"There were degrees of mourning. Full mourning for a husband by a widow was the stricttest. For a year and a day she wore a black dress and a mantle of bombazine, a mixute of silk and wool. The dress had to be almost completely covered with crape. Crape was a silk fabric that had been treated so it was completely without luster. There could be no hint of shine in anything worn by a widow. There were no trimmings allowed at all. No shiny buttons, no buckles on her shoes, no jewelery except her wedding rihg and mourning jewelry made of jet. The widow had to wear a mourning bonnet with a widow's cap and a crape veil. She wrote all her letters on black bordered paper. After 12 months and one day, she could replace her crape covered dress with a black silk one, trimmed with crape. After about another half year of mourning the death, the widow could go into half-mourning. The colours allowed were grey, lavender, mauve, violet or black and grey with white stripes. She could wear half-mourning jewelry - pearls and amethysts. Some widows never went into half mourning and wore black for the rest of their lives.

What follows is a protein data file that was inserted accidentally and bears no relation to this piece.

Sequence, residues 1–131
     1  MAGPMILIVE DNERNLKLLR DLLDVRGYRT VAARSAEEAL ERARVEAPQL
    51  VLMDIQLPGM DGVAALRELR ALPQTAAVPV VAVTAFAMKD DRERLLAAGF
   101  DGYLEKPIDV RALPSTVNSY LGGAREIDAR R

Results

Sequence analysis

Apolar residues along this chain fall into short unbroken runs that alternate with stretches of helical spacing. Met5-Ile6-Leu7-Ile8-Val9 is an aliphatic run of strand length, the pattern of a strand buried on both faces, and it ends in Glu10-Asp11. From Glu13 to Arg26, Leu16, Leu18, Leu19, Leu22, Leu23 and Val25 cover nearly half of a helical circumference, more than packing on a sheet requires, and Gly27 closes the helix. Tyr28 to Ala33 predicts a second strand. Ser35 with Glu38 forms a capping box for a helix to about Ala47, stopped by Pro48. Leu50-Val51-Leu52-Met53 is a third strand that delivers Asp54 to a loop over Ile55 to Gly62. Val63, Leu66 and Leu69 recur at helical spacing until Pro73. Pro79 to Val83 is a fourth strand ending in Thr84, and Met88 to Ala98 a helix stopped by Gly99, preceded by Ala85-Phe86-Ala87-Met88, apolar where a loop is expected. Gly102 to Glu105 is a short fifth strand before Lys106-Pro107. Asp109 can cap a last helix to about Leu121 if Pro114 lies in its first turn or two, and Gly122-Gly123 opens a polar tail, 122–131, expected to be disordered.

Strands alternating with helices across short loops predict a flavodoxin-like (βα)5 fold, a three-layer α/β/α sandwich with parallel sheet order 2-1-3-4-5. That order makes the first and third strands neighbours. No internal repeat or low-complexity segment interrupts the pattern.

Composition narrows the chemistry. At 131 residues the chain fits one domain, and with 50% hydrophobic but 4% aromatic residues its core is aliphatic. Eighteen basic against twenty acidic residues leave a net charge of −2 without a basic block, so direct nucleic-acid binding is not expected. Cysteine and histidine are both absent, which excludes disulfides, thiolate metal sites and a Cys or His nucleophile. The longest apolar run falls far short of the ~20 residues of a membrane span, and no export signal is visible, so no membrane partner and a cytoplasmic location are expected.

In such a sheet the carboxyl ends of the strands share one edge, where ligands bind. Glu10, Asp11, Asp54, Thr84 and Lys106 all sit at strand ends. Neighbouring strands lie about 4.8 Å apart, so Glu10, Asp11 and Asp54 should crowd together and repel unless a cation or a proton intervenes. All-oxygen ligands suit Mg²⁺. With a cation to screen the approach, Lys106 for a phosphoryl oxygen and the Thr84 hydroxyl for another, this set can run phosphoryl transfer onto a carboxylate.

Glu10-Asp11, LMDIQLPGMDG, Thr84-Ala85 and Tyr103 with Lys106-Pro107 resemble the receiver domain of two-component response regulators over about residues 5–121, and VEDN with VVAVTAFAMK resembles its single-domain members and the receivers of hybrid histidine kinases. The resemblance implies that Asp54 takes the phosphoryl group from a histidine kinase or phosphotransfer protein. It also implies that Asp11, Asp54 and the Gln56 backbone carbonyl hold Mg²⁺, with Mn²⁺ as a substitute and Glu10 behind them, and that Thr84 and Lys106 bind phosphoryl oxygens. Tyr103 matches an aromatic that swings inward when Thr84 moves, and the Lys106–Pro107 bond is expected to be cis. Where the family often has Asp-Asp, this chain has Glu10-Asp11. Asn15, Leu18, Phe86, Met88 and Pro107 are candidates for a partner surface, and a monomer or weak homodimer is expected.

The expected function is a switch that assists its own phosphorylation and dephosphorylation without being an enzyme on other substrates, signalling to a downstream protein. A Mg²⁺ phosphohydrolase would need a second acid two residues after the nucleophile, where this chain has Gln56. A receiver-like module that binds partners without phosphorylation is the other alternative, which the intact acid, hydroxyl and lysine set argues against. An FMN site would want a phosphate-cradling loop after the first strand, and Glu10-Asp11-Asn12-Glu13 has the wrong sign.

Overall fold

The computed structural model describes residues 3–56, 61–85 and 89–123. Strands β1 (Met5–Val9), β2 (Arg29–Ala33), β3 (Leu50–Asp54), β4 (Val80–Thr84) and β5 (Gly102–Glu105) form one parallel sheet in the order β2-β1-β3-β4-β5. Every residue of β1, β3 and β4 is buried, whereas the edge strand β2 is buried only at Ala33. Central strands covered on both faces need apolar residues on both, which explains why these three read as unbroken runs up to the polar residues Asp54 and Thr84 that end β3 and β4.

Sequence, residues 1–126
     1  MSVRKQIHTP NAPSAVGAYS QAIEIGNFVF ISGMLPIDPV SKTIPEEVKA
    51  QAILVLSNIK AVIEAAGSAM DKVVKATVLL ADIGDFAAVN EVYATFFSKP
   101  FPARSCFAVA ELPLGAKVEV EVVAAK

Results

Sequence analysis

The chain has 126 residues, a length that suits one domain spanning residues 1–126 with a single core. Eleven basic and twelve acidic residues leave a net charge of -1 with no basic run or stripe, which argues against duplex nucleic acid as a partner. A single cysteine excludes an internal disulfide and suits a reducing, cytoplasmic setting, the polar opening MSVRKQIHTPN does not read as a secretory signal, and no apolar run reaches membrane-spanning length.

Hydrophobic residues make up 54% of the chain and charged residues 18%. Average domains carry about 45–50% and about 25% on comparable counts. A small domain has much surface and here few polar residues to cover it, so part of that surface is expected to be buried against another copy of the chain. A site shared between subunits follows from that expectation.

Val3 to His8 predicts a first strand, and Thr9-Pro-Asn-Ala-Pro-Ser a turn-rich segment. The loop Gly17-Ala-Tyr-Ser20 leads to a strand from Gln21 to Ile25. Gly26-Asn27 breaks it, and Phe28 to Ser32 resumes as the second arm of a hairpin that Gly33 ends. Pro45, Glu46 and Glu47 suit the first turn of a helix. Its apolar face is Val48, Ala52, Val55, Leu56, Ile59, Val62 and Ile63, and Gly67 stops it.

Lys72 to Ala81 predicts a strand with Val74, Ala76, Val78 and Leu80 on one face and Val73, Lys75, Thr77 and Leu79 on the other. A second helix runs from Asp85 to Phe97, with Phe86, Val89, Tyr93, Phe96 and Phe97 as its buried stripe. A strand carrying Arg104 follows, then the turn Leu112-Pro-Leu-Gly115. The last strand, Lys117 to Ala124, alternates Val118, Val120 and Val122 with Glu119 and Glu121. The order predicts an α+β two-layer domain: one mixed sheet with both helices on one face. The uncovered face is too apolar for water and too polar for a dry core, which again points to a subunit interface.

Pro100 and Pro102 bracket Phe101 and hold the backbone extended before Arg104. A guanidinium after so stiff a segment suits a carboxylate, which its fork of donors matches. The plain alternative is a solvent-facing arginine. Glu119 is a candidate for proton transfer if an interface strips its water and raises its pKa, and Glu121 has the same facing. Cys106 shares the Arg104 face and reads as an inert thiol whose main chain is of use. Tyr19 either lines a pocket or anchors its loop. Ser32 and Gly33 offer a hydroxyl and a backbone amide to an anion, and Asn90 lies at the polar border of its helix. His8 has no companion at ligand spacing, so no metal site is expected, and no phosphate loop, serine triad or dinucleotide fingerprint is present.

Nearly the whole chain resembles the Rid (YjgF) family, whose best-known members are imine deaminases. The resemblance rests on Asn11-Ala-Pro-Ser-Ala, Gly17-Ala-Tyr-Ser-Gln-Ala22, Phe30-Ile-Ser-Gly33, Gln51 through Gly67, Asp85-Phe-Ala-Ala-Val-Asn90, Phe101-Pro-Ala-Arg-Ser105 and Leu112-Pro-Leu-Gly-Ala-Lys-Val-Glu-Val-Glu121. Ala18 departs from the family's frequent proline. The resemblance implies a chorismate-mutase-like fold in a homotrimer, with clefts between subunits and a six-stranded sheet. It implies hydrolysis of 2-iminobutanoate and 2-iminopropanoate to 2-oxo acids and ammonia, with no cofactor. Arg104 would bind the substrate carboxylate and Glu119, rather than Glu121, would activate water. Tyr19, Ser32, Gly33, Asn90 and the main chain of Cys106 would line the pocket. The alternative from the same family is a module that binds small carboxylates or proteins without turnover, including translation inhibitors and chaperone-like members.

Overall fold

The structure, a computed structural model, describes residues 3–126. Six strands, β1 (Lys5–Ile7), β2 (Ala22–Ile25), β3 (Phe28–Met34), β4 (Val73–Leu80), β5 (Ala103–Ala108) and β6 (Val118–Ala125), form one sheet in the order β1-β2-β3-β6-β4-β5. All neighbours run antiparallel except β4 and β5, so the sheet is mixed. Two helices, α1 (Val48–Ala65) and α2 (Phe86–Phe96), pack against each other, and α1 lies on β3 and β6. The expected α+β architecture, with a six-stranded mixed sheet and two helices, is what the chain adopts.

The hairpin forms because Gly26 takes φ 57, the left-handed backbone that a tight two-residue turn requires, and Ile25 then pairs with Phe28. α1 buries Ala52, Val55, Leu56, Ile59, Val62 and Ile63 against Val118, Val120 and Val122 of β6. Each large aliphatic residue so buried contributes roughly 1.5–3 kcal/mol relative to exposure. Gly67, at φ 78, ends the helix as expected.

During the first year of mourning, the widow had no social life. She could not go to parties, dinners or the theatre and it was considered bad taste to even be seen in public. Her soical life consisted of receiving calls and that was about it. After one year, the widow could resume her social life, but she had to do so very gradually. The power of public opinion was strong and a widow who did not show proper respect to the memory of her dead husband faced being socially ostracised.
Mourning for men was much simpler. They wore a black mourning band on the sleeve of their coats for about 6 months and could take part in soical occasions sooner than could a widow."